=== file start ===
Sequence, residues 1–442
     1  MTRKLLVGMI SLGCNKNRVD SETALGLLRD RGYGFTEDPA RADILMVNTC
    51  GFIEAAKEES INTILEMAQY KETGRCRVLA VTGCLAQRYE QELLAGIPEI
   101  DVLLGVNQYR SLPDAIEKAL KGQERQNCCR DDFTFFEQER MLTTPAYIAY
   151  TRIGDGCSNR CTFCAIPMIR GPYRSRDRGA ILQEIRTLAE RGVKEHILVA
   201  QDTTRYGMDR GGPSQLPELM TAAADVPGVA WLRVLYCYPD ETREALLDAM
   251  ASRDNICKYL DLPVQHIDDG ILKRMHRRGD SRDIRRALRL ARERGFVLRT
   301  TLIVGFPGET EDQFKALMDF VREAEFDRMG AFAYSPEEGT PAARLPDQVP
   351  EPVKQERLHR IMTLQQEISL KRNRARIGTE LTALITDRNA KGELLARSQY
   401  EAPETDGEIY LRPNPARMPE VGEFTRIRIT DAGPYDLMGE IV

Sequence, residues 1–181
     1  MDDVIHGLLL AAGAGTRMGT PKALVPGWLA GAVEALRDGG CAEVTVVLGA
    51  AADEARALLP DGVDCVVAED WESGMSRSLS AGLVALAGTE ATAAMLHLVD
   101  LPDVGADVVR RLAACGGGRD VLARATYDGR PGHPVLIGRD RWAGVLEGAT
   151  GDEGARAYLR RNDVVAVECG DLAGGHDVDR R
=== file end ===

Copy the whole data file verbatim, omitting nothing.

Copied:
Sequence, residues 1–442
     1  MTRKLLVGMI SLGCNKNRVD SETALGLLRD RGYGFTEDPA RADILMVNTC
    51  GFIEAAKEES INTILEMAQY KETGRCRVLA VTGCLAQRYE QELLAGIPEI
   101  DVLLGVNQYR SLPDAIEKAL KGQERQNCCR DDFTFFEQER MLTTPAYIAY
   151  TRIGDGCSNR CTFCAIPMIR GPYRSRDRGA ILQEIRTLAE RGVKEHILVA
   201  QDTTRYGMDR GGPSQLPELM TAAADVPGVA WLRVLYCYPD ETREALLDAM
   251  ASRDNICKYL DLPVQHIDDG ILKRMHRRGD SRDIRRALRL ARERGFVLRT
   301  TLIVGFPGET EDQFKALMDF VREAEFDRMG AFAYSPEEGT PAARLPDQVP
   351  EPVKQERLHR IMTLQQEISL KRNRARIGTE LTALITDRNA KGELLARSQY
   401  EAPETDGEIY LRPNPARMPE VGEFTRIRIT DAGPYDLMGE IV

Sequence, residues 1–181
     1  MDDVIHGLLL AAGAGTRMGT PKALVPGWLA GAVEALRDGG CAEVTVVLGA
    51  AADEARALLP DGVDCVVAED WESGMSRSLS AGLVALAGTE ATAAMLHLVD
   101  LPDVGADVVR RLAACGGGRD VLARATYDGR PGHPVLIGRD RWAGVLEGAT
   151  GDEGARAYLR RNDVVAVECG DLAGGHDVDR R